At Bodhisattva Bodywork, I offer a variety of stress reduction and trauma resolution therapeutic services in my Chapel Hill office and online via a secure video link. I’m also affiliated with a trauma-focused group psychotherapy practice in Japan: Trauma Treatment Center and Resources (TTCR), which offers body-based therapy sessions and educational seminars in English, Japanese, and Korean.

A body-based deep relaxation practice


Relaxing the mind through relaxing the body.

This article from Lion’s Roar, an online Buddhist magazine, leads you through a simple three-step meditation process. The practice given is based on Buddha's teaching to not only become aware of our mind, but also the body, “...visiting each part with awareness, acceptance, care, and without judgment.”

This gentle, supportive, exploratory approach to the body is also an integral part of Somatic Experiencing (SE™) and Somatic Touch trauma resolution therapy. Through contacting and simply noticing what is present in our physiology, we begin to heal:

At Bodhisattva Bodywork, I offer a variety of stress reduction and trauma resolution therapeutic services in my Chapel Hill office and online via a secure video link. I’m also affiliated with a trauma-focused group psychotherapy practice in Japan: Trauma Treatment Center and Resources (TTCR), which offers body-based therapy sessions and educational seminars in both English and Japanese.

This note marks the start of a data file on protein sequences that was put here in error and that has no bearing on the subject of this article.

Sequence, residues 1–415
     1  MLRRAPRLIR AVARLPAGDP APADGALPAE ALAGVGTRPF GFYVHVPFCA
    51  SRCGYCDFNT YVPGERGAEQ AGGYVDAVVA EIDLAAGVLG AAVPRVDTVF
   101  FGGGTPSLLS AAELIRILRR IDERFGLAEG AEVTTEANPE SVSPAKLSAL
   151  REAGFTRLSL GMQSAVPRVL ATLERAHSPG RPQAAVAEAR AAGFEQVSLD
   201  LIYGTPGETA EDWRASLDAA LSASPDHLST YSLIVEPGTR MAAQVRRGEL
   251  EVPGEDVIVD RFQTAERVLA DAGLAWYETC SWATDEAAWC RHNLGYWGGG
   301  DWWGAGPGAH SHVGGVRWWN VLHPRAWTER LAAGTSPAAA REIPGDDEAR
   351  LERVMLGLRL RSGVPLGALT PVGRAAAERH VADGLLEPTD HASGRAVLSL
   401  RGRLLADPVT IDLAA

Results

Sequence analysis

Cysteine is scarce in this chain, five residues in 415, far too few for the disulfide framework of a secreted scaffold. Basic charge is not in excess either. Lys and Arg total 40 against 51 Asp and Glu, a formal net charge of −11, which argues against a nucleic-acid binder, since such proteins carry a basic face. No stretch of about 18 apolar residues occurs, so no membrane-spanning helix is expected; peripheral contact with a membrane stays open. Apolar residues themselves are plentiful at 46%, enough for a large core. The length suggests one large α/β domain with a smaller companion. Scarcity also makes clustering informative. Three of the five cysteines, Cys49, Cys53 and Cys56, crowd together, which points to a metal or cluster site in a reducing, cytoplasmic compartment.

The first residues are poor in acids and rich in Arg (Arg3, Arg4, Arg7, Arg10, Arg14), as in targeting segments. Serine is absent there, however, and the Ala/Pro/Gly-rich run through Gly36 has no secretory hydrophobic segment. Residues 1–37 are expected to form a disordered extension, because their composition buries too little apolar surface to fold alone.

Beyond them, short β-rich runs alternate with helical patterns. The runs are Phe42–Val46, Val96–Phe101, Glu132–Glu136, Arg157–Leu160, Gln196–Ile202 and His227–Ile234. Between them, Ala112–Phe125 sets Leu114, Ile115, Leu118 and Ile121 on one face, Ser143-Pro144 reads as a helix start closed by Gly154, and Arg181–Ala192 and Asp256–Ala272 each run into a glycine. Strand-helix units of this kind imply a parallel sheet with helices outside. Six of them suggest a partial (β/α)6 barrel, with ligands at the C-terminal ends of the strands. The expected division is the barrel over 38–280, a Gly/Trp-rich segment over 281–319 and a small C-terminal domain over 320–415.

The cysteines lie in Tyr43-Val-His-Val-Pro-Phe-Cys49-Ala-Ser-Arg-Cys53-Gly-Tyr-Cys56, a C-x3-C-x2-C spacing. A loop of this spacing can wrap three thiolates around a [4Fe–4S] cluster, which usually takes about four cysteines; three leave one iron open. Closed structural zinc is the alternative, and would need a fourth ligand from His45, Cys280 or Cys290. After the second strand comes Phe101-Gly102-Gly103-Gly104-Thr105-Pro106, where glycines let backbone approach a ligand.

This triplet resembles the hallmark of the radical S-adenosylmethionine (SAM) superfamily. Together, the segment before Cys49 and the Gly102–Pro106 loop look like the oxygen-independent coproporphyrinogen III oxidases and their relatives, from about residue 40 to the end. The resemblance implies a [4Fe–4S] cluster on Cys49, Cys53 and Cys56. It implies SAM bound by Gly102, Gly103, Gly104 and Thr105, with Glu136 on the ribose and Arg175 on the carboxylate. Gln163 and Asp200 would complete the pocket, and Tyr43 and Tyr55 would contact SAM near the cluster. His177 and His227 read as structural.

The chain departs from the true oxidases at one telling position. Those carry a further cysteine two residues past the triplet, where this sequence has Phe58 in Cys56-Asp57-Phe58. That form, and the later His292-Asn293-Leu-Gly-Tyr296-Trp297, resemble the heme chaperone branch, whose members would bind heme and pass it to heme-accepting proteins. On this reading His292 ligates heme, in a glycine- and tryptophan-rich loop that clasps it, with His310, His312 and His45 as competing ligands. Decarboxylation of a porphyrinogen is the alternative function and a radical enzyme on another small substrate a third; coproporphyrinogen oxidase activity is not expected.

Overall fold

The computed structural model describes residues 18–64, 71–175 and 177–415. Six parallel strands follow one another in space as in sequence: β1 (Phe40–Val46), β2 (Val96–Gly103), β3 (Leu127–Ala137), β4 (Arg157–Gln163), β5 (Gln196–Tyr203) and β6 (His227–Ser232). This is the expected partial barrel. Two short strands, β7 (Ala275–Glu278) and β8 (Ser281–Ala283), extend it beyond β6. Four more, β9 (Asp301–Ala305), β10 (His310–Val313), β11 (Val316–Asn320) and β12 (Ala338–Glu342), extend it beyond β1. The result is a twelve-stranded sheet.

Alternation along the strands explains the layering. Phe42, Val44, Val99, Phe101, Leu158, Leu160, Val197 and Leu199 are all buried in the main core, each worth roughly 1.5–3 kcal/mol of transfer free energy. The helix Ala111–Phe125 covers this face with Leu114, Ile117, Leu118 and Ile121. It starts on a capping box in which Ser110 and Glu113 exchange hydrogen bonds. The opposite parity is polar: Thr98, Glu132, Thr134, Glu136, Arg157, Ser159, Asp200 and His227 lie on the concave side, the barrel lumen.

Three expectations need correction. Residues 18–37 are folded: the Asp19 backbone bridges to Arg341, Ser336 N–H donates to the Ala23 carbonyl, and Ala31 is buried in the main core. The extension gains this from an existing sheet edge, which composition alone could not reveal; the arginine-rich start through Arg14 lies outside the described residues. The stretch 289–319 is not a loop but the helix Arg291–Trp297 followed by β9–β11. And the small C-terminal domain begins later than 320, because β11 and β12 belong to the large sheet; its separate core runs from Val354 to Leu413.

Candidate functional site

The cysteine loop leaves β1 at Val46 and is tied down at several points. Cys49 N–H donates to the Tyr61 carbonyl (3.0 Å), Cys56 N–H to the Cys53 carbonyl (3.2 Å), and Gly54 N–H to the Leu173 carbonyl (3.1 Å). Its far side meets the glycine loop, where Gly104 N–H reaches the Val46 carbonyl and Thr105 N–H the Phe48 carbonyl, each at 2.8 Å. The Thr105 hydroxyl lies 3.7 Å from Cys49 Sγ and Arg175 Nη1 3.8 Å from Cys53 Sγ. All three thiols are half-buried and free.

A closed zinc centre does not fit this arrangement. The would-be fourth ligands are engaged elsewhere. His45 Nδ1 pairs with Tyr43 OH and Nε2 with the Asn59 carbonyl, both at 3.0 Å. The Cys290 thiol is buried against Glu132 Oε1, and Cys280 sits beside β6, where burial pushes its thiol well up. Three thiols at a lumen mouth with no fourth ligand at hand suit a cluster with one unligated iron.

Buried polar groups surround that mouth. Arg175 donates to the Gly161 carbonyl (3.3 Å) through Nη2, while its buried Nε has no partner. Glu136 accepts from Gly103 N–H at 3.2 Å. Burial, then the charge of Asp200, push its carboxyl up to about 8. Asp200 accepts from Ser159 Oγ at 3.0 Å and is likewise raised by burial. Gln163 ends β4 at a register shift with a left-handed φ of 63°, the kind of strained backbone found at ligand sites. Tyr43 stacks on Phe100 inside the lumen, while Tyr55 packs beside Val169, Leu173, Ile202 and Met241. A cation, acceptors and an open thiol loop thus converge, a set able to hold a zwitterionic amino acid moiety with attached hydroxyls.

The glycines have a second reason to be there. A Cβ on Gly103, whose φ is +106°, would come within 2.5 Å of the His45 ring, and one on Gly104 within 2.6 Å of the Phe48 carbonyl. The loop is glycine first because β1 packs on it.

Fatigue? Mood swings? Memory lapses? Physical aches and pains? It could be dehydration.

I hadn’t realized how used I’d gotten to the pain emanating from both hip joints until a visiting relative asked me, “Why are you walking like that?” My usual morning stiff-legged gait had caught his attention.

X-rays ruled out arthritis. I tried chiropractic and acupuncture, but neither provided long-lasting relief. I wasn’t sleeping well, and was tired and cranky. In desperation, I scheduled an appointment with nutritional health coach, Rachel Khani.

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After completing a very thorough diet, exercise, and lifestyle intake, Rachel suggested a few very simple dietary changes. At the top of the list was her recommendation that I drink at least 70 ounces of water, pure water, every day.

That’s two liters of water a day! I protested, but I was in pain. I did as Rachel recommended. Within two weeks, I was sleeping through the night and my hip pain was GONE. To say I was surprised would be an understatement--I was stunned. I couldn’t believe that simply consuming more water could make such a difference.

After this experience, I now routinely ask clients about their water consumption habits. For more information on why water is so important for our well-being and for some ideas on how to increase your own water consumption, please click here to read Rachel’s post: “Are you depressed….or dehydrated?”